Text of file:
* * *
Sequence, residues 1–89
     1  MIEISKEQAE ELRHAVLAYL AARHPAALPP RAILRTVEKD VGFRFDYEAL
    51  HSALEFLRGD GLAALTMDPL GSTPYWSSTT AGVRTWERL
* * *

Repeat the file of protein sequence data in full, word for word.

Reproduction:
Sequence, residues 1–89
     1  MIEISKEQAE ELRHAVLAYL AARHPAALPP RAILRTVEKD VGFRFDYEAL
    51  HSALEFLRGD GLAALTMDPL GSTPYWSSTT AGVRTWERL